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I play folk music with my guitar and I am trying to record some tracks.

In these songs there are many chords progression so my first attempt was to record them separately and then recreate the right sequence.

My problem is that you can hear like a "break" between the single recordings, they don't match up properly and you can definitely recognize they are not played in just one take.

For instance, how did he record a song like this?

Only one take or there's some trick I am not aware of?

  • Did you try to export the tracks when you got the "breaks"? I think if you place it right and record it in the same environment, you'll get it right after you export it. – seseorang Jun 27 '15 at 9:43
  • I am not talking about connecting separate tracks, the problem is about different parts of the same song, like transit from the verse to the chorus section. Of course I am recording with the same settings and the same environment. – simoneL Jun 27 '15 at 10:09
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    Are you recording each attempt to a new track? If so you can usually cut or cross-fade at the transition point later. One trick is to not make the edits at the transition between chords - get the transition clean, even if you have to play just half a bar before, then make the chord change. You can then make your edit a bit earlier… where no-one will hear it. – Tetsujin Jun 27 '15 at 10:14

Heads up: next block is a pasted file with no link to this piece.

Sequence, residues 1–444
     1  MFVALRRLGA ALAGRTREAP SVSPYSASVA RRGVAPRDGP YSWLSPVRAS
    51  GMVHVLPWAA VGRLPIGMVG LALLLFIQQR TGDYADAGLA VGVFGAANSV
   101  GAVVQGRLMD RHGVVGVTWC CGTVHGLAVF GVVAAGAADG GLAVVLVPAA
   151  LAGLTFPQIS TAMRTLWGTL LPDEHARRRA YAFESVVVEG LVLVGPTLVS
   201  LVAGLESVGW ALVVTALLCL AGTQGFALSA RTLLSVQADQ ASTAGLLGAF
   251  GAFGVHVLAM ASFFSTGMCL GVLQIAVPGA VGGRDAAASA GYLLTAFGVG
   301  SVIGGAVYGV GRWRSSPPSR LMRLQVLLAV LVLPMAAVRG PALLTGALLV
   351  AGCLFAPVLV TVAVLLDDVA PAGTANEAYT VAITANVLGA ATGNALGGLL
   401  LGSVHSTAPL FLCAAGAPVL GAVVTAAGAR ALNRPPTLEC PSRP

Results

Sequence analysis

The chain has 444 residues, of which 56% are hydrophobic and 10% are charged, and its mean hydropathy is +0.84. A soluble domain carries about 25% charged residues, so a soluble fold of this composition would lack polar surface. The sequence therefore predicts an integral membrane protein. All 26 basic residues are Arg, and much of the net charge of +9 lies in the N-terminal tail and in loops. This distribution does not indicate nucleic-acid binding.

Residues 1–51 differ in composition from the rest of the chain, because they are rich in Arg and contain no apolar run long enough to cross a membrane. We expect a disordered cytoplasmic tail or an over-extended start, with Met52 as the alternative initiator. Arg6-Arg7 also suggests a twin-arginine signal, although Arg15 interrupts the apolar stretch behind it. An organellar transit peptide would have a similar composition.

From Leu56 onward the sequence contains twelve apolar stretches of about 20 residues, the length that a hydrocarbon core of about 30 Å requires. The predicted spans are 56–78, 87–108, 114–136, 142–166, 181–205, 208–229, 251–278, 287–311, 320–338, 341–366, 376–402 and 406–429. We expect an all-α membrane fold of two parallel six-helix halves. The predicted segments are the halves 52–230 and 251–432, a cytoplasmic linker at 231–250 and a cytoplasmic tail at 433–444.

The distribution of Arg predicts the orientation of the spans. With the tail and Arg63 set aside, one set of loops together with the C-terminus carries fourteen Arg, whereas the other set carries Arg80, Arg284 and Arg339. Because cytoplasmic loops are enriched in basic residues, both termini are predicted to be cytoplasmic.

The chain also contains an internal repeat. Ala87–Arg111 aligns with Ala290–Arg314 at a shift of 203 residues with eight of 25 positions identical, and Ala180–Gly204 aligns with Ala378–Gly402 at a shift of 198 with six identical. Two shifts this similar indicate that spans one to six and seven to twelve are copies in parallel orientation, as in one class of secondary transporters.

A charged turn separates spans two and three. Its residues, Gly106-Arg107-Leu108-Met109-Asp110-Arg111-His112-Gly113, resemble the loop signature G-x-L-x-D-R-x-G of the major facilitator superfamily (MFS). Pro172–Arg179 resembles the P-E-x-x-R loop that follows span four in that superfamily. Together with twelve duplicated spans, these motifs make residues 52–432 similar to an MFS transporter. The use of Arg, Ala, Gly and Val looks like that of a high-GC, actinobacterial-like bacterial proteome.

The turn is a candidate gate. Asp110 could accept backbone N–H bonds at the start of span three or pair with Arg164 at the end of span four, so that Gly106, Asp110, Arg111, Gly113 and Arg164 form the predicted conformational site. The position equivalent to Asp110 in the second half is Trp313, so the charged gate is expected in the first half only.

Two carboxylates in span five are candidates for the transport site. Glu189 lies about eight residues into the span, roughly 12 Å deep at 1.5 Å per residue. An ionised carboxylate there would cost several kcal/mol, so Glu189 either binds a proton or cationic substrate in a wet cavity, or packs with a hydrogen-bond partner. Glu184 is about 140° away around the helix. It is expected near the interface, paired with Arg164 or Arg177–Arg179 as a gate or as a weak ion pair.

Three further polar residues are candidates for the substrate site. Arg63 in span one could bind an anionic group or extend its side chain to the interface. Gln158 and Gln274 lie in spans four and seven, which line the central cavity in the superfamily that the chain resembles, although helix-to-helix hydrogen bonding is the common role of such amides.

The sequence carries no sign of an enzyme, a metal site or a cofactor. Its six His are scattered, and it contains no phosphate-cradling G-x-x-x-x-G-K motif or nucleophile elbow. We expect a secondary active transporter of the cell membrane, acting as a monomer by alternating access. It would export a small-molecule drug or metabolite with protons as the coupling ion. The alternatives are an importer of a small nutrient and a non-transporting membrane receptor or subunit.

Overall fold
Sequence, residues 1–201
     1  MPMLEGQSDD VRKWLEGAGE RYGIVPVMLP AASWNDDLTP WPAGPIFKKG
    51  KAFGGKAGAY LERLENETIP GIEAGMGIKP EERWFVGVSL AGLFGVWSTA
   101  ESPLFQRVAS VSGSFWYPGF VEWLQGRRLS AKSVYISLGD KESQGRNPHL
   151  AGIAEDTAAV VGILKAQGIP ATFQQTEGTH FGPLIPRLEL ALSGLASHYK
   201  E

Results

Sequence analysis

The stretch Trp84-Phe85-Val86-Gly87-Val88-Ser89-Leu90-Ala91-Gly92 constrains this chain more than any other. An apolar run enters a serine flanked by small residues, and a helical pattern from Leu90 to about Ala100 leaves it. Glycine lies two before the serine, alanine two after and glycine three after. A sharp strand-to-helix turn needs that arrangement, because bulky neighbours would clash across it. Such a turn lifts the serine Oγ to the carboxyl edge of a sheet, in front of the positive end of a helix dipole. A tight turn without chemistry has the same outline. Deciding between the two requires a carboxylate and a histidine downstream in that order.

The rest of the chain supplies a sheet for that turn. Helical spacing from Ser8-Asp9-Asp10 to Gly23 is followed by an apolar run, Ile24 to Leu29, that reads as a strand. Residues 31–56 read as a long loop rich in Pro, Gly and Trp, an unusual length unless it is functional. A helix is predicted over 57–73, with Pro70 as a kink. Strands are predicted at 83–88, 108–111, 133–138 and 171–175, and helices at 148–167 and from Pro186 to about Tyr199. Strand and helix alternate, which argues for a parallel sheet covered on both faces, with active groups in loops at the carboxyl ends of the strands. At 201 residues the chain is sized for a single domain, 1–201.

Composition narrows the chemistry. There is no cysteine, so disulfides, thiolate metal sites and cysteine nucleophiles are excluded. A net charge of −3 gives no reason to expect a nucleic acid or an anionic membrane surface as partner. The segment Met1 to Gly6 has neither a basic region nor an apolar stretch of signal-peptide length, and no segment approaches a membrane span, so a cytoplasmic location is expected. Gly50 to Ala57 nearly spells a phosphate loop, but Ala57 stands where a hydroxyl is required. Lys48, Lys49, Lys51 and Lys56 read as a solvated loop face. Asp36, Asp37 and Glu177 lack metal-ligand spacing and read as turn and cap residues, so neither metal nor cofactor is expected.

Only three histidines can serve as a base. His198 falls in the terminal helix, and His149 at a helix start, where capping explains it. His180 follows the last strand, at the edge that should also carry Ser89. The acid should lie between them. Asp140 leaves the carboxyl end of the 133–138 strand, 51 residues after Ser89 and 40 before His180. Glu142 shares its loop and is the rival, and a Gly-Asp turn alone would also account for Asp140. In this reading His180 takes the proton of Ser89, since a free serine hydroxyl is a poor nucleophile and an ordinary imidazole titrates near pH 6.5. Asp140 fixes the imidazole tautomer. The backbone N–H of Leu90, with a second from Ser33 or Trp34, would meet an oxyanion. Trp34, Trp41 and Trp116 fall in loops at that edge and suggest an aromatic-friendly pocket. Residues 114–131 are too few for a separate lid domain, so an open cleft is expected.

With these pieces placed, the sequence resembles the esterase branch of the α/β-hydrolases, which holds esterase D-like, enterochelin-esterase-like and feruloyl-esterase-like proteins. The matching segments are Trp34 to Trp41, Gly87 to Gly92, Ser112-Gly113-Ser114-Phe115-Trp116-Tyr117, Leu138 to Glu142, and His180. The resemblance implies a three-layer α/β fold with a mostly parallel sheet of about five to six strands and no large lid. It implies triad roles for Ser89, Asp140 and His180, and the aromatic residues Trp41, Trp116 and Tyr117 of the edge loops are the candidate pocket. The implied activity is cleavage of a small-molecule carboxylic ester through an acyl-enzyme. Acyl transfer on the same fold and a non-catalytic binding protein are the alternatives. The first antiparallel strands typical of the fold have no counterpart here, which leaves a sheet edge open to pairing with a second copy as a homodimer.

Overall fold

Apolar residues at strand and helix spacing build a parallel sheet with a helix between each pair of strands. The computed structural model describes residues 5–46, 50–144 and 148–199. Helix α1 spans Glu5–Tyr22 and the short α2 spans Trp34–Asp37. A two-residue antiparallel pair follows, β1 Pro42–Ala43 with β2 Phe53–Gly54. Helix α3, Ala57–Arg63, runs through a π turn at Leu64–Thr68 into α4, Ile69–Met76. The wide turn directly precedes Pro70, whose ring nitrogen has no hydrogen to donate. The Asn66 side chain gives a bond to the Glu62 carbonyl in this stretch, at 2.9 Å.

• It would be a lot easier to help if we had an example of a recording that you have made where you can let us hear the problem, instead of a recording of what you're trying to achieve. Are you able to play the whole piece through live even if you make a mistake or three? If not then you might need more practice with it before you try to record it. – Todd Wilcox Jun 27 '15 at 12:56
  • Are you recording to a metronome click-track that you listen to in your headphones while you play your guitar into the microphone? Recording each phrase to the same rigid tempo with a click track will be essential. – user1044 Jun 28 '15 at 5:34
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There are two ways:

  • Play it in one take. I won't get into your own abilities, or why you need to record sections separately, however for thousands of years musicians have played (and still play!) full, complete pieces without needing to stop and change. It happens more than you think in modern music styles, and some artists pride themselves on playing their instrument and songs.

  • Edit sections. Up until 35 or so years ago you couldn't do this. I've done it recently, and it is simple to do within a DAW environment. It is possible to create a composite, but your editing skills may not be sufficient to produce what you want. It takes a little bit of effort and practice, and there will be plenty of web resources to help you out. Making sure you play to a metronome may help you, but it's by no means obligatory.

Though, what I will say is that if your music is just designed to be recording only then composite building is fine, however if you are looking for you or someone else to play live, then really you need to put in the practice to learn to play start to finish. Your ability, and your recordings, will be much better off.

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